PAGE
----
by Lan Lan
The Vietnamese language has been developing very quickly along with the development of the country but many strange and complicated words and phrases being used by young people nowadays have altered the language, says Associate Professor Ha Quang Nang.
He agrees that the country's open doors also mean opening the mother tongue to new vocabulary through the borrowing and combining of words from other languages to create new words and phrases, which grows and modernises the language.
"The growing Vietnamese vocabulary has helped increase communication in the fields of economics, trade, and scientific research," says Nang, adding that these words make Vietnamese more meaningful.
However, apart from these new phrases, there are many others that have a vague meaning, or even mean absolutely nothing, in Vietnamese. "Some Vietnamese researchers have said our Vietnamese will face a crisis in our lifetime," says Nang.
He pointed out that many people fail to use the proper Vietnamese structure when speaking, or use many English words at schools or in daily life. Sometimes English words are paired with Vietnamese in advertisements.
Many shops hang billboards that are written half in Vietnamese and half in English, causing confusion among people, but more importantly, damaging Vietnamese, he says.
As a result, many young people don't really understand all of the Vietnamese words they read or say.
"The ‘disorder' and ‘pollution' of Vietnamese reflects the disrespect of the mother tongue which has caused a loss in our traditional, moral, philosophy and national cultural characteristics," says Nang.
In response to Nang's ideas, teacher Tran Quang Dai of the Tran Phu Secondary School in the central province of Ha Tinh says that to help the country's solid development and integration into the world, Vietnamese people should try their best to improve their Vietnamese and protect it.
Dai says he does his best to teach Vietnamese correctly and tries to encourage his students to improve their Vietnamese through their writing and speaking.
"All teachers should be ashamed to use complicated and nonsense Vietnamese words," says Dai.
His sister's family, who has been living in Germany for more than two decades, has tried their best to preserve Vietnamese at home.
Dai says his sister makes her entire family to speak Vietnamese at home and anywhere they socialise with other Vietnamese people.
"She often asks me to send her Vietnamese text books she can use to teach her children. She said we are Vietnamese so we should know how to speak Vietnamese," he says.
As a result, Nang's two nephews, aged 22 and 20, speak Vietnamese very well in addition to their German language skills.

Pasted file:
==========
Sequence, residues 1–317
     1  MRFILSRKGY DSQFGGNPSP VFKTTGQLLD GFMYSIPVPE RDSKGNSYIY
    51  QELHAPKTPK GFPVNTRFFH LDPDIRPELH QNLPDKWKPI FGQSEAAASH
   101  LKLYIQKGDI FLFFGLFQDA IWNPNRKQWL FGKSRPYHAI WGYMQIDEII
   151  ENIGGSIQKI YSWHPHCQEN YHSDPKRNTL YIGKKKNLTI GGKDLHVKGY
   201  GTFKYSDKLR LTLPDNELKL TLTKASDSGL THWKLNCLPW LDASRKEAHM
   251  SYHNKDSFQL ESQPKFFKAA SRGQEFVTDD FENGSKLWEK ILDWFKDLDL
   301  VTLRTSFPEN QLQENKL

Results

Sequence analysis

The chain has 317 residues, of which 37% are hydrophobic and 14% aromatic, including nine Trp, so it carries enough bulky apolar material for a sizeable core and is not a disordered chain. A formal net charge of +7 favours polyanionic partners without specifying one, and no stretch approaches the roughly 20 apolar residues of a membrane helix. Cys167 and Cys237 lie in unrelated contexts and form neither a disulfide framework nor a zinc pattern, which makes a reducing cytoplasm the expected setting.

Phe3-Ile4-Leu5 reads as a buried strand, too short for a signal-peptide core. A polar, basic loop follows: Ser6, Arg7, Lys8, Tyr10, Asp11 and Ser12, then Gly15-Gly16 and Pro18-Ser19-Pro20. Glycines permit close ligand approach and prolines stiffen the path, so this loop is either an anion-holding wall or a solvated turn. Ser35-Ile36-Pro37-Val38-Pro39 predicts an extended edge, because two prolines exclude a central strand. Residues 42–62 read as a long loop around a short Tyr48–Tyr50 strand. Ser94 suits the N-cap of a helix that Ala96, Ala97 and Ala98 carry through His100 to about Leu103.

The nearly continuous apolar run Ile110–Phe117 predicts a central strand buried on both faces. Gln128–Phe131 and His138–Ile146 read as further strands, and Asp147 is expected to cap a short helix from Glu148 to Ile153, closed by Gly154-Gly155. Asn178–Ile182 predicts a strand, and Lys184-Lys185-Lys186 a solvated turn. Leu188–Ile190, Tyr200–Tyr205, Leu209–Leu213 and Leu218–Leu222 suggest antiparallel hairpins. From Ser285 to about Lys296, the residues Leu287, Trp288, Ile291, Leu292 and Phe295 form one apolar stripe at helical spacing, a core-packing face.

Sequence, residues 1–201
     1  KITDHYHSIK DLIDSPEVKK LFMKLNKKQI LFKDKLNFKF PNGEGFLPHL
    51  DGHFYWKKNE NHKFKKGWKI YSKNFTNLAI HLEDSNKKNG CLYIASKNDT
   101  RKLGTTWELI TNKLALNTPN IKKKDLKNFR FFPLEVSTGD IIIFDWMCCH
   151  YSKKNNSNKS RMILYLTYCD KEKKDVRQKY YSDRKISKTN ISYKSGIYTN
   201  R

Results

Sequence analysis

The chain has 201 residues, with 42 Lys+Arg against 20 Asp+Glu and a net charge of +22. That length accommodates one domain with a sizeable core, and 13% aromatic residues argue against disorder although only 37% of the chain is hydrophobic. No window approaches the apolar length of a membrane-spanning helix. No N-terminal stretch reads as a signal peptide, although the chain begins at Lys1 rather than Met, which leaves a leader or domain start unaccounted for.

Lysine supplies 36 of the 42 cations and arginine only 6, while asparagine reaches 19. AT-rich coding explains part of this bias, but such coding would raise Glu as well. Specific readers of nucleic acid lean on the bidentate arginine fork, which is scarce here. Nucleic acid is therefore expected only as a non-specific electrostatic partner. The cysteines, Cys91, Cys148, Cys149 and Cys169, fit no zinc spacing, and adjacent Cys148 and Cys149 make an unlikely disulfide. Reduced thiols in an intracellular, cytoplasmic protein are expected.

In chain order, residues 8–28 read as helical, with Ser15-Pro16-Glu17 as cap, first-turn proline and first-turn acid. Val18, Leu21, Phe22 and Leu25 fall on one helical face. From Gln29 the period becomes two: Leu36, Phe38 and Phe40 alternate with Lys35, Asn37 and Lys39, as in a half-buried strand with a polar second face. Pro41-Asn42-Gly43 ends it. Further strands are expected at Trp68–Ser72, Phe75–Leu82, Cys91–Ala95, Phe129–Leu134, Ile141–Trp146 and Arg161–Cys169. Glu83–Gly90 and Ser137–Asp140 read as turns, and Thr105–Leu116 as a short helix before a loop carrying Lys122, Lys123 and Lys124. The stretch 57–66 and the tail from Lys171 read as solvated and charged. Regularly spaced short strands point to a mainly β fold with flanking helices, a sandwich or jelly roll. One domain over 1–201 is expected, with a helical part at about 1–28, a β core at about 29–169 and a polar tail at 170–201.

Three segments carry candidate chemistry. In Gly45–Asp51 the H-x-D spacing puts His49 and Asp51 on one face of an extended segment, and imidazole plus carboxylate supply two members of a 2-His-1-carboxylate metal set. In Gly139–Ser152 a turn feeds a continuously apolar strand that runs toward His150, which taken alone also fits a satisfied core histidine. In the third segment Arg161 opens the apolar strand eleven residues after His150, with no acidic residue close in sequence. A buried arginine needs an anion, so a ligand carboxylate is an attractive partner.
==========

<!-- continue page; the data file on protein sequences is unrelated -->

"My parents are very proud of them and say that our Vietnamese origin will never be lost," he says.
President Ho Chi Minh once said "Vietnamese is our long-standing and invaluable national asset."
"Vietnamese is an important factor contributing to the nation's principle, national characteristics and cultural quintessence," he said.
The president always paid attention to preserving Vietnamese and educating people in speaking and writing Vietnamese and using a larger and more contemporary vocabulary.
Many teachers and linguistic researchers have followed the president's words. Teacher Hoang Xuan Tam, 70, is an example.
Despite having invested more than 50 years in researching and preserving Vietnamese, Tam said he is still an ‘illiterate' in Vietnamese because it is so comprehensive.
"I have to check the dictionary very carefully before teaching any new words to my students," said Tam.
When he was assigned to teach ethnic students in the northern province of Cao Bang, Tam had to learn the Tay language and then translate Vietnamese into Tay for his students to understand.
"One day I had to travel by foot for nearly 30km to reach one of my Tay student's homes in the high mountains to teach him Vietnamese because he was struggling with a long illness. In turn he taught me his Tay language.
"As a result of this work, my students know how to speak Vietnamese quicker than usual and I also understand the Tay language and the daily lives of the Tay ethnic people," says Tam.
He says he has collected more than 1,500 Tay folk songs to translate into Vietnamese in his nearly nine years teaching in Cao Bang. He also wrote more than 50 books on Vietnamese and ethnic languages.
Vietnamese researcher Nguyen Duy Xuan has launched the website nguyenduyxuan.net to call people to preserve the Vietnamese soul.
Site content aims to encourage people to exchange views on how to use Vietnamese correctly and effectively.
"I hope to receive effective responses from teachers, students and readers to contribute their ideas to protecting and preserving our Vietnamese," he says. — VNS